Playing tour guide in Helsinki

Sorry for the blog hiatus, guys… I’m still here, still on the move! I’m currently in New York, after a whirlwind train tour of Russia, Mongolia and China and a 4-day pit stop in South Korea.

But before I get into the train trip (which I did with my dad!), let me tell you about this past summer that I spent in my native country of Finland. I was back in the Arctic North for 2.5 months, which is just enough time to catch up with friends and family in different parts of the country, attend a rock festival, travel to an island or two, get sweaty in countless saunas by the lake, party it up during the summer’s white nights, pick some mushrooms in the forest and eat all the Finnish foods and treats I’ve missed.

This summer I also ended up playing tour guide in Helsinki on four occasions to my North American friends. Most were visiting just for a day onboard one of the big cruise lines, so I got to be quite an expert in showing what the capital of FUN-land is all about in a matter of hours.

Thus I thought I’d share some of my tips with you guys in case you are ever headed to Northern Europe. So here are some of my favorite places to take my visitors in Helsinki:

The Helsinki Cathedral

-This one is a given. It’s the best-known landmark of the city, smack in the middle of Senate Square and near the Market Square where you can find overpriced souvenirs, tasty berries and sweet peas, and salmon sandwiches.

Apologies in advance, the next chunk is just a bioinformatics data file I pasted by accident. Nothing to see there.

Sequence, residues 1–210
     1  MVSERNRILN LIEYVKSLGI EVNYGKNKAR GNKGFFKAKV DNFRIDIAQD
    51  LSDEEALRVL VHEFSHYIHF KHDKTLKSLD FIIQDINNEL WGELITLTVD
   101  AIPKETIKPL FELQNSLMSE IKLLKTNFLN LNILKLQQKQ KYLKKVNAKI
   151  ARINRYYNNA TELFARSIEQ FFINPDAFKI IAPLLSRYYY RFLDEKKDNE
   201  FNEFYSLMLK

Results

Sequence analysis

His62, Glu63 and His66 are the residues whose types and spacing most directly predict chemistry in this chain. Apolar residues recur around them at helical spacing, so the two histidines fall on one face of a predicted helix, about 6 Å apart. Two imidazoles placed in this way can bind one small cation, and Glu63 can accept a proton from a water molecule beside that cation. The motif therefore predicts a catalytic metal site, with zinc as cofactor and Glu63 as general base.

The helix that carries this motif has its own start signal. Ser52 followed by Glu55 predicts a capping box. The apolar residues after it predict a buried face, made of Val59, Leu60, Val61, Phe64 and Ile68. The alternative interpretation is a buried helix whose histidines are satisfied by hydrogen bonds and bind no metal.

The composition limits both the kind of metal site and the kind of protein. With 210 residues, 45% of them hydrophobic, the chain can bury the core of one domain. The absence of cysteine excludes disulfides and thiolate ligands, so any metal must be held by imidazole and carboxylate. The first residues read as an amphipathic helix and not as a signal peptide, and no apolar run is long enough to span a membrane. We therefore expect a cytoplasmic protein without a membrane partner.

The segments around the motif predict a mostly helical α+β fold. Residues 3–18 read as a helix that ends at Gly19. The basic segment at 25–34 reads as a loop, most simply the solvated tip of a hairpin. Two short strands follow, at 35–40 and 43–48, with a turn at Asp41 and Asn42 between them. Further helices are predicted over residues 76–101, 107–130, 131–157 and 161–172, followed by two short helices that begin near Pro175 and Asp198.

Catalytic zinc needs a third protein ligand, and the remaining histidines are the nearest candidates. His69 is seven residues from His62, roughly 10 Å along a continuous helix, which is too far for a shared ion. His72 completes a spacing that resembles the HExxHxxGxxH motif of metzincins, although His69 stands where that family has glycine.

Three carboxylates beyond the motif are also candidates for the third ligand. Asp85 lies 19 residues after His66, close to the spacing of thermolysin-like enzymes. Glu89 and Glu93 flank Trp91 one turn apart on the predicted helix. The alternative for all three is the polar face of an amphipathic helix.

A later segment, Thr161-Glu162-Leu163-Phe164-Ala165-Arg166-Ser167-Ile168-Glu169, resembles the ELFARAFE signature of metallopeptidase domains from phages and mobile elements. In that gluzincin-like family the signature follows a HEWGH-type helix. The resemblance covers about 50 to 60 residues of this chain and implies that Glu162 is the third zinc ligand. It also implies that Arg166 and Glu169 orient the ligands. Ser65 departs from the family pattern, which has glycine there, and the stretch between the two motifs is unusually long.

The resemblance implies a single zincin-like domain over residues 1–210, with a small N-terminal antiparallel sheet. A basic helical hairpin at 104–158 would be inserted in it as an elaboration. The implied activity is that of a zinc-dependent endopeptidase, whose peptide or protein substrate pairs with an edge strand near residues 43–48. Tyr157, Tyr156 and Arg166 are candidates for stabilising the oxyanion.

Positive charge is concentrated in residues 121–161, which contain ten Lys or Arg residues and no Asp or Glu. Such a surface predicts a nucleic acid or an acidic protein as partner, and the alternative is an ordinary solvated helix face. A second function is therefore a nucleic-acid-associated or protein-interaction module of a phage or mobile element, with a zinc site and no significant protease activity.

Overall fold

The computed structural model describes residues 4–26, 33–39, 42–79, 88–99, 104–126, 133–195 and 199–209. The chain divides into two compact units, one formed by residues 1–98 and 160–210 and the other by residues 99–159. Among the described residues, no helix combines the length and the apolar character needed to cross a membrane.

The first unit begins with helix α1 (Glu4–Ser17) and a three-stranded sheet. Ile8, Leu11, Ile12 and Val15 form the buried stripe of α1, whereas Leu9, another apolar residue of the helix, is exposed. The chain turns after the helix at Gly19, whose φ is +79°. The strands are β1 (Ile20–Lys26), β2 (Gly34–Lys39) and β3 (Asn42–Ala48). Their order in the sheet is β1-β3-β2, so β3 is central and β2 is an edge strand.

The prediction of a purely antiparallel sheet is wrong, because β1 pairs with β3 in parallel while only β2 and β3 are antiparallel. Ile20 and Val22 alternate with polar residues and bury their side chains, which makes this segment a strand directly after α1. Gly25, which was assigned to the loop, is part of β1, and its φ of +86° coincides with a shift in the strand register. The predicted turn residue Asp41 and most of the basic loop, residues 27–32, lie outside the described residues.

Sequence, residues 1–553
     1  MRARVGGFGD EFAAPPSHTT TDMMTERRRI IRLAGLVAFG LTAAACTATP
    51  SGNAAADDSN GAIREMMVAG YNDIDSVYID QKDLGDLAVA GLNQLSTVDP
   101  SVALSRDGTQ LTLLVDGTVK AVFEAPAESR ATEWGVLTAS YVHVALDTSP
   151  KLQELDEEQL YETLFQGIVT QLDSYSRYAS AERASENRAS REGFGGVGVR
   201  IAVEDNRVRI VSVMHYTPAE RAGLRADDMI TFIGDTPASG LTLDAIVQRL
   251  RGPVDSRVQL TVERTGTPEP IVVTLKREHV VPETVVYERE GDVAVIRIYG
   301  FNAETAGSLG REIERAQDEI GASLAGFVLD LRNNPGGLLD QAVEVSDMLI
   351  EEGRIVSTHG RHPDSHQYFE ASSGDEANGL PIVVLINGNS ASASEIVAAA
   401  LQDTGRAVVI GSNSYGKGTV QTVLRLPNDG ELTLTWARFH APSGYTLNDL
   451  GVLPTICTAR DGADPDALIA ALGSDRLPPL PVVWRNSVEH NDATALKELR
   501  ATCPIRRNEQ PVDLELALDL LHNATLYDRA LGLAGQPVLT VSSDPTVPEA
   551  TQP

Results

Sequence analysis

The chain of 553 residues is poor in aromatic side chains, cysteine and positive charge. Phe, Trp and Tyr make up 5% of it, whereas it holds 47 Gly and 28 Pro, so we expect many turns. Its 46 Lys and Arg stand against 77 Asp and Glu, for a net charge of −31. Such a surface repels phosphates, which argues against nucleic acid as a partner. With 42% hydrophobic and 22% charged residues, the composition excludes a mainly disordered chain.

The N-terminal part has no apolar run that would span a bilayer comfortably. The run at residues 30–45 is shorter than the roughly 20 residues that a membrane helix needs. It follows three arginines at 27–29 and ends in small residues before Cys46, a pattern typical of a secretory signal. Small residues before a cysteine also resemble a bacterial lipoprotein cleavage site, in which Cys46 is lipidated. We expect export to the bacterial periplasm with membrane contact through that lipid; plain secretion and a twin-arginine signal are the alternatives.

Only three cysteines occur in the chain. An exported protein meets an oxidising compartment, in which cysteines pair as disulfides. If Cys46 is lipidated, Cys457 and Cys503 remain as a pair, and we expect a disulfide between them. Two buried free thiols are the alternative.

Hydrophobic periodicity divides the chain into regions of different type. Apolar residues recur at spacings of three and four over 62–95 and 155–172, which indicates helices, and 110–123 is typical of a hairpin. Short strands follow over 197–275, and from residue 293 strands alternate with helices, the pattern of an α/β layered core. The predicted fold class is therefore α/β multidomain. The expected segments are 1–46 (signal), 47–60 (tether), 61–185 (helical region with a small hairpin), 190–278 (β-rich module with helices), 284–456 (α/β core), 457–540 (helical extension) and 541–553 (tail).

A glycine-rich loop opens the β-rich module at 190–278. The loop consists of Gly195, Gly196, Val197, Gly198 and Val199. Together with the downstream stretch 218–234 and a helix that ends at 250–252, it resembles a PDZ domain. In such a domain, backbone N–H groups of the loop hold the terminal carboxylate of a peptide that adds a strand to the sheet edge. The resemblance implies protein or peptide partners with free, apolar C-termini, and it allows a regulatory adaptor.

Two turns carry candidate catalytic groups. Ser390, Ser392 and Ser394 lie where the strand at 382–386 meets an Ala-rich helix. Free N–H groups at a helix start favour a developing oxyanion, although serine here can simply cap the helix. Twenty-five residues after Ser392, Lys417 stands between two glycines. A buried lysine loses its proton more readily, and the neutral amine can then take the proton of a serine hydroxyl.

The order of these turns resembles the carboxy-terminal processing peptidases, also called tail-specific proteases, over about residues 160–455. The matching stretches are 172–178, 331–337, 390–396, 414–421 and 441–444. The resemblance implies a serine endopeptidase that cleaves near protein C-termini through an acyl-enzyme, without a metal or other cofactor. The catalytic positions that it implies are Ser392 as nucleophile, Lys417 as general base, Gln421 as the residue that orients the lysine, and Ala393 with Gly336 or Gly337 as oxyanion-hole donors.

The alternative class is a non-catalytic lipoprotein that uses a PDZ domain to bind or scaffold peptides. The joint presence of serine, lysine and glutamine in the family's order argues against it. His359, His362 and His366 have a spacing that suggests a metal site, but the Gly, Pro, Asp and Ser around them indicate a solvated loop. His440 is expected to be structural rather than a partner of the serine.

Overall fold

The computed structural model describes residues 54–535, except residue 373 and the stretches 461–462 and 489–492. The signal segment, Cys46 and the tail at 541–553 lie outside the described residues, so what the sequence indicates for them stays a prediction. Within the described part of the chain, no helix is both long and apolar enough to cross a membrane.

The fancy neighborhoods of Eira and Ullanlinna – the “Upper East Side” of Helsinki (in New York terms)

-Tram 3T is known as the “tourist tram” in Helsinki as it goes past some of the most important sights and the nicest neighborhoods. With my visitors we’d get off at Tehtaankatu and walk around the many picturesque streets in the area, such as Huvilakatu.

Temppeliaukio Church (i.e. The Rock Church)

-It’s a church built inside a piece of granite rock and always teaming with tourists. Many Finns don’t think it’s anything spectacular but foreigners seem to love it, including my visitors. I do think it’s pretty cool too. The church was built in 1969 by Finnish brothers Timo and Tuomo Suomalainen (whose last name, randomly, translates to “Finn”).

The rough and ready Kallio – The “Lower East Side” of Helsinki

-Kallio is a working class neighborhood dotted with Thai “massage” parlors, cheap pubs and subsidized government housing projects. Years ago I even spotted a sign that said “Mirva’s Erotic Show” –  Haha! It’s not often I see my name spelled anywhere, let alone in this context. But as has happened with the Lower East Side in NYC, Kallio (“The Rock”) has also undergone bouts of gentrification and is now home to tons of trendy restaurants and bars, vintage shops and artists and students. It’s because of this eclectic mix that it’s one of my favorite neighborhoods in Helsinki – and the cheap beer doesn’t hurt either!